Unemployment: The real numbers and the real problem
Not only the real numbers, but the real reason:
Labor-force participation, the share of Americans who are working or looking for jobs, has fallen to its lowest percentage since the mid-1980s. That’s partly because people have grown discouraged about their ability to find jobs and have given up looking. With those workers on the sidelines, the unemployment rate has been lower than it otherwise would be.
The official unemployment rate hit 9.1% in May. Including all of those who had part-time jobs but wanted to work full-time as well as those who want to work but had given up searching, the rate was 15.8%.
Of course Dale has been saying that for some time with his own calculations. Discouraged workers, however, may also have taken another option – retirement – since it is the age of Baby Boomer retirement. So it’s not clear yet how many of those who were workers and lost their jobs are “discouraged” workers or retired workers. Bottom line, though – a lot of people have seen their lives drastically changed.
Here’s the inherent problem in long-term unemployment:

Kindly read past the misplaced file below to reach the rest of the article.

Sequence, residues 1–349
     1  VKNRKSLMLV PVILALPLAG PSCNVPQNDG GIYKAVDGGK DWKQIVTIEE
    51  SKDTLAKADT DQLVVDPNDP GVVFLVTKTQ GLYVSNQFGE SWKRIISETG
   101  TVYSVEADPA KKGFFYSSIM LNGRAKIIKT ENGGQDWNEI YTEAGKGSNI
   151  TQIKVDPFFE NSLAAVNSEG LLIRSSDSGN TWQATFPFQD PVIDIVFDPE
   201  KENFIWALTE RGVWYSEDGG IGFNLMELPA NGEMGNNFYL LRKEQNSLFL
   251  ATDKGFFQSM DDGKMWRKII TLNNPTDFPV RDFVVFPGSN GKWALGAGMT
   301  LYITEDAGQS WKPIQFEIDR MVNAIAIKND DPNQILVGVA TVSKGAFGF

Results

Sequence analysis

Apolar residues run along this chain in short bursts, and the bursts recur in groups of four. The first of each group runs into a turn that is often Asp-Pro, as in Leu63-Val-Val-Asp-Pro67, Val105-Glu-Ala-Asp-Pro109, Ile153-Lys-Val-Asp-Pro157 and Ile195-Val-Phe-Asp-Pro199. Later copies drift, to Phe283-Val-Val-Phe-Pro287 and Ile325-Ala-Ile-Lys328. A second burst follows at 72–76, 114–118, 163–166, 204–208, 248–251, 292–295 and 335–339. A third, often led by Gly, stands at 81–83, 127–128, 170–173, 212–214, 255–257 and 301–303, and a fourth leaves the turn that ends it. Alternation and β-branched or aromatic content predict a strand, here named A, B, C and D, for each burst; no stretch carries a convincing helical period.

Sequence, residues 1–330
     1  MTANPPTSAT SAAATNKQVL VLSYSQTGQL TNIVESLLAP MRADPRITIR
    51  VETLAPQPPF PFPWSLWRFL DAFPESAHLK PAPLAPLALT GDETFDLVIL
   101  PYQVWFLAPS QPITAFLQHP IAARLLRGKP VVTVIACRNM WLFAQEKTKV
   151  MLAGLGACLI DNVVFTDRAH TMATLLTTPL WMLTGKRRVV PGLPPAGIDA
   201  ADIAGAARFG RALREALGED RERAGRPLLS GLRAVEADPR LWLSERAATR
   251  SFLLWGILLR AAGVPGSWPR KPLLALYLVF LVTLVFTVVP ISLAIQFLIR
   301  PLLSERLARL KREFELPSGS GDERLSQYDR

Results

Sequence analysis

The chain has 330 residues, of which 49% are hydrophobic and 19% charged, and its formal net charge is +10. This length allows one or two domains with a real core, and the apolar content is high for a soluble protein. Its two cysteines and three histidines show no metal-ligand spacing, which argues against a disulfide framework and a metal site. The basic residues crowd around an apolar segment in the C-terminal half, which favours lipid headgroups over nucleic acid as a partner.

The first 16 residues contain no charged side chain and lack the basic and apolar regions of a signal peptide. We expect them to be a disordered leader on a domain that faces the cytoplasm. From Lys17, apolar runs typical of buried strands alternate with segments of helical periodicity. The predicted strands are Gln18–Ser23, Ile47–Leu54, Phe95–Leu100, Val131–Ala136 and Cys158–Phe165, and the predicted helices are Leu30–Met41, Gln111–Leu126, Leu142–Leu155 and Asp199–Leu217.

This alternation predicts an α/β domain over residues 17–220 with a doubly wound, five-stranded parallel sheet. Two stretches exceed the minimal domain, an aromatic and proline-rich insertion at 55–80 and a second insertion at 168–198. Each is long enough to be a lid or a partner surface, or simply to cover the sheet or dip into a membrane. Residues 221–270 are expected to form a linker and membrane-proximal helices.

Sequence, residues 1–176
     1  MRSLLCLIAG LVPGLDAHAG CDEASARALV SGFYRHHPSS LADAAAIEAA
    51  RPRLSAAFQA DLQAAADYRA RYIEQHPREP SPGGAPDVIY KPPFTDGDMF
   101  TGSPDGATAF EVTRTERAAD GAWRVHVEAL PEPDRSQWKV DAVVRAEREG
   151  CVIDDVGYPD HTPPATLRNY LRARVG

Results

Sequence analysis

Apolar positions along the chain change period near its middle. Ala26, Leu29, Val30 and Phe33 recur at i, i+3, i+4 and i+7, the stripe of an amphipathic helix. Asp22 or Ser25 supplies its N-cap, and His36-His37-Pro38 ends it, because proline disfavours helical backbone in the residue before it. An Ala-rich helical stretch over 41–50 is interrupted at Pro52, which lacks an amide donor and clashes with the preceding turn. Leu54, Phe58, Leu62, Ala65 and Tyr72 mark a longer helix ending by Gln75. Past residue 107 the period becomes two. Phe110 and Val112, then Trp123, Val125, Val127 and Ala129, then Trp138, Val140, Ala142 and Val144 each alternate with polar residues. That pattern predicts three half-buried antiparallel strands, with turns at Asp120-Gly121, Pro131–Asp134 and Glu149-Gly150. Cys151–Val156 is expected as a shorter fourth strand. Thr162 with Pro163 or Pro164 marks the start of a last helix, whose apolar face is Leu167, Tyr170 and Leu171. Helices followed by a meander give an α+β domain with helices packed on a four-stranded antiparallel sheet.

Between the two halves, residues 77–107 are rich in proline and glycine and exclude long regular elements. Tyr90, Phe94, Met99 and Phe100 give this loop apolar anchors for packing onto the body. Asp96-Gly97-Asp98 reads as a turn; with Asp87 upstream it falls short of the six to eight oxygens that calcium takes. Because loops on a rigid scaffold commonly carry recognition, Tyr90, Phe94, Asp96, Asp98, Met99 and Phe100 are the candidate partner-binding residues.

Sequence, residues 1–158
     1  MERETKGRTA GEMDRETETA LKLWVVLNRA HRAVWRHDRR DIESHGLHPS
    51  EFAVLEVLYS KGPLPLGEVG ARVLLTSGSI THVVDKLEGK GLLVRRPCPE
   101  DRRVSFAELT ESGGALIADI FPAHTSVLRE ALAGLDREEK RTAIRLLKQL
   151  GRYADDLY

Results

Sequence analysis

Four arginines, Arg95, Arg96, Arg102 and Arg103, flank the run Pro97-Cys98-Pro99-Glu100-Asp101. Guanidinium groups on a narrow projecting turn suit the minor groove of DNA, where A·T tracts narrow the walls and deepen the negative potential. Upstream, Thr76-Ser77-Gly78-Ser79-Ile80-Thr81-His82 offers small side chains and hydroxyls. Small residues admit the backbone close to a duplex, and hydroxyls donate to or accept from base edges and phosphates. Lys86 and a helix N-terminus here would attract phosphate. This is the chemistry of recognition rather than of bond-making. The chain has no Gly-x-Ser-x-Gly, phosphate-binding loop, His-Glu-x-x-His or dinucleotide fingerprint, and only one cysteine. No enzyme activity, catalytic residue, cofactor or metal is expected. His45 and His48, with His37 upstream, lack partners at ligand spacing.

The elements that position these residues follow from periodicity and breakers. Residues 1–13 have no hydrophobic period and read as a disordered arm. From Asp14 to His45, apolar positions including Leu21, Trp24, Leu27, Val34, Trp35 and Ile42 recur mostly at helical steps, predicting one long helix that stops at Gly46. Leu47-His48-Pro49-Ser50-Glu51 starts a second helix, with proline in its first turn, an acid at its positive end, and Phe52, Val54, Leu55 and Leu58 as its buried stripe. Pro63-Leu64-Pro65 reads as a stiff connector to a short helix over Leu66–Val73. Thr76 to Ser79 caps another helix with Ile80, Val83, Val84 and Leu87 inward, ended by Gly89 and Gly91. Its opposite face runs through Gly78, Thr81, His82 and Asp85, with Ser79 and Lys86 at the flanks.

[T]he odds of finding a job steadily decreased the longer someone was out of work. Some 30% of Americans who had been out of work for less than five weeks found new jobs last year.
Those odds deteriorated for the long-term unemployed. Of those who had been unemployed for more than six months, slightly more than 10% found new jobs. Nearly 19% dropped out of the workforce.
The problem endures this year: As of May, 6.2 million had been out of work for more than six months and more than 4 million haven’t work in more than a year.
And the outlook, at least at the moment, doesn’t look like it will change anytime soon.
This is Obama’s political Achilles heel. This is what gets incumbent presidents an early retirement. I’m not hoping that this persists through the 2012 election, I’m suggesting that there is nothing to indicate it won’t.
That is Obama’s challenge. And it is also the GOP’s attack line. This is Obama’s record – something he has to run on for the very first time. Time to begin pointing it out now.